DIY: Video Submissions for YR Media
Seeking: Your character-driven video stories
Being a multimedia journalism and arts organization means we’re not only looking for the written word from our contributors. We are looking for 1-5 minute videos with news/lifestyle/art/culture/political character-driven stories from around the U.S. to be published on YR.Media and across our social platforms. Our priority is youth-related stories that will engage our 18-30 year old audience. All you have to do is deliver your raw unedited footage via BOX and we’ll pay you $150-$400 per project (rate depends on camera package and experience).
The freelance video producer may be responsible for:
- Short-form social videos with a vlog-style host who introduces the topic and includes their personal reactions/commentary
- Skype interviews with an expert, copy to be used as animated text on screen or person-on-the-street style interviews
- Scripting notes for the editors to construct the story and regular feedback on progress.
To submit pitches, email the link above with FREELANCE VIDEO PITCH and a one- or two-word description of your topic in the subject line.
Need a little bit more info before submitting your video? Keep reading to learn more about what we want from our video freelancers.
First, the specs:
FPS: Frames per second. It’s typically good to keep your camera set to 24 fps, but you may want to get slow motion shots, which means you may also be shooting in 60 fps.
Resolution: This will determine the quality of the video you send. Most cameras will have 1080p setting (e.g., 1920 x 1080p), but some newer cameras will shoot in 4k and that’s fine too.
Shot list: After you pitch and depending on your experience, we may ask you to make a shot list and send it to us for review before you start shooting. In some cases, a YR editor may provide a shot list for you. For example: a shot list for coverage of the 2019 Climate Strike may look like:
- WIDE SHOT (WS): city where the march takes place
- MEDIUM SHOT (MS)/ MEDIUM CLOSE UP (MCU): people marching with their signs
- CLOSE UP (CU): marchers’ signs
A-Roll: This is your main footage. In most cases, it will be an interview or series of interviews.
B-roll: These are all of the non-primary shots that will be used as supplemental material in your piece. For example, if you’re providing coverage for the 2019 Climate Strike, you would want to capture b-roll shots of the city where the strike takes place, people marching with their signs, close-up shots of signs and faces … you get the picture. Here’s the full video of the climate strike coverage for you to check out.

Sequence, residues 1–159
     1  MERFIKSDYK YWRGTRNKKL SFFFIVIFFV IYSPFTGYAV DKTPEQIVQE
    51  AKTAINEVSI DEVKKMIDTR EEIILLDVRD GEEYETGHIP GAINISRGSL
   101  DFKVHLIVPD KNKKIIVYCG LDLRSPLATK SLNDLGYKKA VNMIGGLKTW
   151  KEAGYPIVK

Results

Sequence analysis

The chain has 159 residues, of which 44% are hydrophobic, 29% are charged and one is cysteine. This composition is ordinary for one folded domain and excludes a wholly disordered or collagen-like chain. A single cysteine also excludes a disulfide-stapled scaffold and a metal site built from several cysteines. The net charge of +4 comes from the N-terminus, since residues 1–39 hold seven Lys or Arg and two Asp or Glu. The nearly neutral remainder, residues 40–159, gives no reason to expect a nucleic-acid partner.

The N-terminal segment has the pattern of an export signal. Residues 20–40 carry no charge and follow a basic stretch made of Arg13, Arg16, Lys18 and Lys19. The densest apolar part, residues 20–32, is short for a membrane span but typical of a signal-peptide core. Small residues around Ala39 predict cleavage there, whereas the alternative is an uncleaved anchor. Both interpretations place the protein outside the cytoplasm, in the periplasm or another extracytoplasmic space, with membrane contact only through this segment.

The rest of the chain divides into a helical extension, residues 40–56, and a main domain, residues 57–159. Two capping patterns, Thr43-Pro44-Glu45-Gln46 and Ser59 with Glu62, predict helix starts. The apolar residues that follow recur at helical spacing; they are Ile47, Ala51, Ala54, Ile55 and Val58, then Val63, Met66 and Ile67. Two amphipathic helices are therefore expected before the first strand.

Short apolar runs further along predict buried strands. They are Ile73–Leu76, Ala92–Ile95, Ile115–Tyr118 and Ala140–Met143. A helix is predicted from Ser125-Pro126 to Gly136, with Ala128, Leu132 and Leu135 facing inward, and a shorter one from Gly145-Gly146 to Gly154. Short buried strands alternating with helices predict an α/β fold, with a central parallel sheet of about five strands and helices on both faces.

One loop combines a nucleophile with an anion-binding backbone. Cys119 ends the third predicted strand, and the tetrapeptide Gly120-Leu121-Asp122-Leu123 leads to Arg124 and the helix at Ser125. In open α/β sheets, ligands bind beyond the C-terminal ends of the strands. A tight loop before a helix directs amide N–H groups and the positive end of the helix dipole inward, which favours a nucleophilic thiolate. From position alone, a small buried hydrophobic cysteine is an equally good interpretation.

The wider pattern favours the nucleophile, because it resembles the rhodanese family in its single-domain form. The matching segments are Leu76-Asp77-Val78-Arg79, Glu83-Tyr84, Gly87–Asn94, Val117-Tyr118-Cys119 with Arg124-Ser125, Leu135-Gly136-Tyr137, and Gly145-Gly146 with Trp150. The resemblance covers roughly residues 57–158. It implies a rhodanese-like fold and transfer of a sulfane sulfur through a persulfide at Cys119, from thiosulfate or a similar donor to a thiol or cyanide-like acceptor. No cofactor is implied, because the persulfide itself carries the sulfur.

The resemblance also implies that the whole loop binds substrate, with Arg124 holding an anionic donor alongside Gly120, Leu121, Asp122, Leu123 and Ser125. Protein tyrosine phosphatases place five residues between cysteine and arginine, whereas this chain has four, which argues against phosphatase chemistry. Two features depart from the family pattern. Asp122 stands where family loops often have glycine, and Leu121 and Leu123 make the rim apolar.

You can learn more specifics about types of shots and photo/video best practices in DIY: How to Deliver Visuals, but here are some quick examples.
Wide shot (WS) example:
Medium Shot (MS) example:
Close up (CU) example:
What we’re looking for
Here is an outline of what we generally like to see in each video submission. Keep in mind that you should absolutely use your instincts to capture the best footage. Your editor might give you more specific instructions depending on the assignment. Basically we’re asking for you to get a variety of coverage with many different shots.
Covering events vs. reported video content
Covering an event — whether it’s breaking news or a scheduled happening — will look a lot different from a reported piece.
If you’re providing video footage about a live event like the Climate Strike or the Heartbeat Bill Protest in Louisiana, you’ll have several interviews and you’ll need to be sure to get each person’s full name and city of origin. DIY: Live Reporting for Twitter and Instagram Feeds goes into more detail about this kind of reporting.
A more polished reported piece like North Carolina vs. Vaping Companies may include scripted content and a main interview. In that case, you’d send your script and interview questions to your YR Media editor.
Where to send it:
We’ll ask you to upload your raw unedited footage to a shared drive using a link that we’ll send to you via email. (Note: sometimes we’ll have you to edit the footage into a final product and you’ll be compensated accordingly).
Our video team will take over from there and be in touch with you about next steps.